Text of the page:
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Two faced: the good and bad sides of Face ID

Face ID is the future of iPhone security – but is it a future we want to see?

“Pay with your face.” This was how Apple unwisely introduced Face ID on social media. On one hand: how convenient! On another, is Tim Cook about to unveil a new line in protection rackets?

The dual interpretations of those four words were, though, appropriate for Face ID, which is a double-edged sword. It’s a great example that just because something’s clever and useful, it’s not necessarily entirely welcome.

Whereas we’ve grown to give a hearty thumbs-up to Touch ID, will we soon scowl at its successor?

Face value

For Apple, Face ID is a logical next step for device security, because it’s part of a camera system. Right now, the TrueDepth system is bulky – hence the iPhone X’s ugly notch – but still smaller than the area required for a thumbprint. And technology miniaturises as companies iterate; you can imagine the notch almost vanishing from iPhones within a few generations.

Some believe Touch ID could have become similarly ‘invisible’, being integrated into iPhone displays. But that always seemed more wishful thinking than practical. Moreover, removing a fingerprint from the equation has wider consequences, freeing up biometric security to be implemented across the bulk of Apple’s product line.

Today, the only Macs with Touch ID are expensive MacBook Pros, with their Touch Bars; but with Face ID, every Apple device with a display and camera could have something similar fully integrated, revolutionising and simplifying securing personal data and making online payments.

Importantly, Apple also says Face ID is far more secure than Touch ID, with a one in a million chance of a false positive versus one in 50,000 for a fingerprint. That alone could convince many to join Apple’s “revolution in recognition”.

Face off

New technology brings new concerns, though. Some are obvious – not knowing how Face ID will fare in general use. On iPhones, it will at the very least require extra movement than Touch ID to trigger, being more awkward for payments; and there’s an extra ‘swipe’ step in getting to your Home screen, rather than a thumb press almost instantly getting you there from a locked device.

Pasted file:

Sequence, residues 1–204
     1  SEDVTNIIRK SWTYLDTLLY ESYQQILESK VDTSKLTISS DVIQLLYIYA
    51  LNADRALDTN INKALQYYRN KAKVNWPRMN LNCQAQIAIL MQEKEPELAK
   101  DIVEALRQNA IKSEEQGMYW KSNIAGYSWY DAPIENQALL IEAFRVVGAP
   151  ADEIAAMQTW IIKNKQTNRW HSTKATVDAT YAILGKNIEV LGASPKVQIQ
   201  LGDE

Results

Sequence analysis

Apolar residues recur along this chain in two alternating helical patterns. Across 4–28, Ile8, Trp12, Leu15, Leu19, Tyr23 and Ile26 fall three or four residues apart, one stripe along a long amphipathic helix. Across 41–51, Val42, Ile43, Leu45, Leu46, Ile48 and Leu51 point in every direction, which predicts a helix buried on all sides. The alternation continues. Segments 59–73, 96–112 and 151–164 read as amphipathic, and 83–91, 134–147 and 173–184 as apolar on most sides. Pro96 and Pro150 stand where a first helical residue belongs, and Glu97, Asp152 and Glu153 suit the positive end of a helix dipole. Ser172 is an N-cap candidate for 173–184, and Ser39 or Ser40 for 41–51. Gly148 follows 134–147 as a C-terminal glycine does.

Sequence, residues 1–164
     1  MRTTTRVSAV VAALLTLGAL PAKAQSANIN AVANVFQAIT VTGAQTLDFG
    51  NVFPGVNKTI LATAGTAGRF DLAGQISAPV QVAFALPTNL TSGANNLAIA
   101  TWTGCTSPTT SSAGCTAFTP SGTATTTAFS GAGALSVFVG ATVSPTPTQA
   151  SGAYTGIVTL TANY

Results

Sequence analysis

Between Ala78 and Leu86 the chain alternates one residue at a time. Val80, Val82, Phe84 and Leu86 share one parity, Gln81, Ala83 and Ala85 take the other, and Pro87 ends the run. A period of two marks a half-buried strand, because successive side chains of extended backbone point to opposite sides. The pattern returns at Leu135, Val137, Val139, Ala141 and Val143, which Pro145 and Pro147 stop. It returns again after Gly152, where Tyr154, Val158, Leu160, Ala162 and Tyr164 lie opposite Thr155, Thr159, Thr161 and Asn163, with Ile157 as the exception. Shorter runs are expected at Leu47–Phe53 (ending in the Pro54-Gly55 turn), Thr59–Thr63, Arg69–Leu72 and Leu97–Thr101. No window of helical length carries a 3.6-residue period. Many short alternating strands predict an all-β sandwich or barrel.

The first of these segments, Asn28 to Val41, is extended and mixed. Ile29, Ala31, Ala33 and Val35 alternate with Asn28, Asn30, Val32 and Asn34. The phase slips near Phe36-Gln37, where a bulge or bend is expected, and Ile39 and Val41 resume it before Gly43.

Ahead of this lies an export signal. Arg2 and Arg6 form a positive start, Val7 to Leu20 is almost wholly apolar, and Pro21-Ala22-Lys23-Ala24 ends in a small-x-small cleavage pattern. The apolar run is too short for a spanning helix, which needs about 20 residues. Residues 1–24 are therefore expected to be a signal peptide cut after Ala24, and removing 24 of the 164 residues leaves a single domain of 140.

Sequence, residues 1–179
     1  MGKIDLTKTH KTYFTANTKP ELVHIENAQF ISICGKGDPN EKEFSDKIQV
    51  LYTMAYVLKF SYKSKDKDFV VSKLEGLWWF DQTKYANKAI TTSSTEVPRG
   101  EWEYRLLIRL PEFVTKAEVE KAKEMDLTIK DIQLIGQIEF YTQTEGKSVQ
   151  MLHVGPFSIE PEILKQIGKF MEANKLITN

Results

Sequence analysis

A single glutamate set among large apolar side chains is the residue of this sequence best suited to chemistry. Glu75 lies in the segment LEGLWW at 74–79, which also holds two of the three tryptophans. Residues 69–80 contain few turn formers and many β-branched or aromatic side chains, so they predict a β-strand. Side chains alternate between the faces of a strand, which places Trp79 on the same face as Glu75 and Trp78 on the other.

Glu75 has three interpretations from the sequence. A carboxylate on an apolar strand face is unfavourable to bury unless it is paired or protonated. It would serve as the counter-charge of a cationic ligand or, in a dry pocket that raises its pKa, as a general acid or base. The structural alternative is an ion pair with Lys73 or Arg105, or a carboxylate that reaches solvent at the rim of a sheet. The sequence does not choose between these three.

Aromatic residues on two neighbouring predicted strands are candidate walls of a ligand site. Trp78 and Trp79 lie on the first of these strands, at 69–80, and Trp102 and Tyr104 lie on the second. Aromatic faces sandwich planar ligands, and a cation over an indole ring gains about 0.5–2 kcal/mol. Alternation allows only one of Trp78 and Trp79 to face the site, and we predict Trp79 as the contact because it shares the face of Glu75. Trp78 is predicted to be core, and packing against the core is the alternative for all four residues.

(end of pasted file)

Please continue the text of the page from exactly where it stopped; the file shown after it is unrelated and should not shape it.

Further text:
Apple says its technology adapts. If you change your hair, grow a beard, or wear a hat, it won’t be stumped. But Apple’s joke about it also not being a solution for anyone with an evil twin later expanded into an admission Face ID isn’t for the young either. Those under 13 apparently lack the “distinct facial features” required for the system to work well – unlike when using a fingerprint.

Given that pre-teens are unlikely to buy an iPhone X, that makes little odds today – but it may in the future. Touch ID is, after all, as good a way to secure a young person’s device as an adult’s. But then you may also wonder whether we should normalise biometrics to this degree at all.

Apple might keep your data solely on your iPhone and do nothing nefarious with it, but we’re now at a point where fingerprinting is a part of everyday life, and blazing towards a day when facial recognition in consumer goods will be too. Will other companies respect privacy like Apple does? Will our children curse our complacency in this area? Where will it all end?

Judging by iOS 11 and the iPhone X, one possibility is with a docile population gurning at screens, using facial recognition technology to animate cartoon emoji poos. No-one asked for that.